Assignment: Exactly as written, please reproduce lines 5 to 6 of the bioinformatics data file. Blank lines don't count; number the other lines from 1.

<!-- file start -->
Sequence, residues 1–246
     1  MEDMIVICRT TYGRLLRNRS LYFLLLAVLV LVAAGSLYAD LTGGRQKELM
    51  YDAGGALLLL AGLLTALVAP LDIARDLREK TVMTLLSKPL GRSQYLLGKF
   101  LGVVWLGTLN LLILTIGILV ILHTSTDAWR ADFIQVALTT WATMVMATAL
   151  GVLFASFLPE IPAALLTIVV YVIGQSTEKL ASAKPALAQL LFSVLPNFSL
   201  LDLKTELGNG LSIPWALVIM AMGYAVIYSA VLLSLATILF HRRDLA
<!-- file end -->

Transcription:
   151  GVLFASFLPE IPAALLTIVV YVIGQSTEKL ASAKPALAQL LFSVLPNFSL
   201  LDLKTELGNG LSIPWALVIM AMGYAVIYSA VLLSLATILF HRRDLA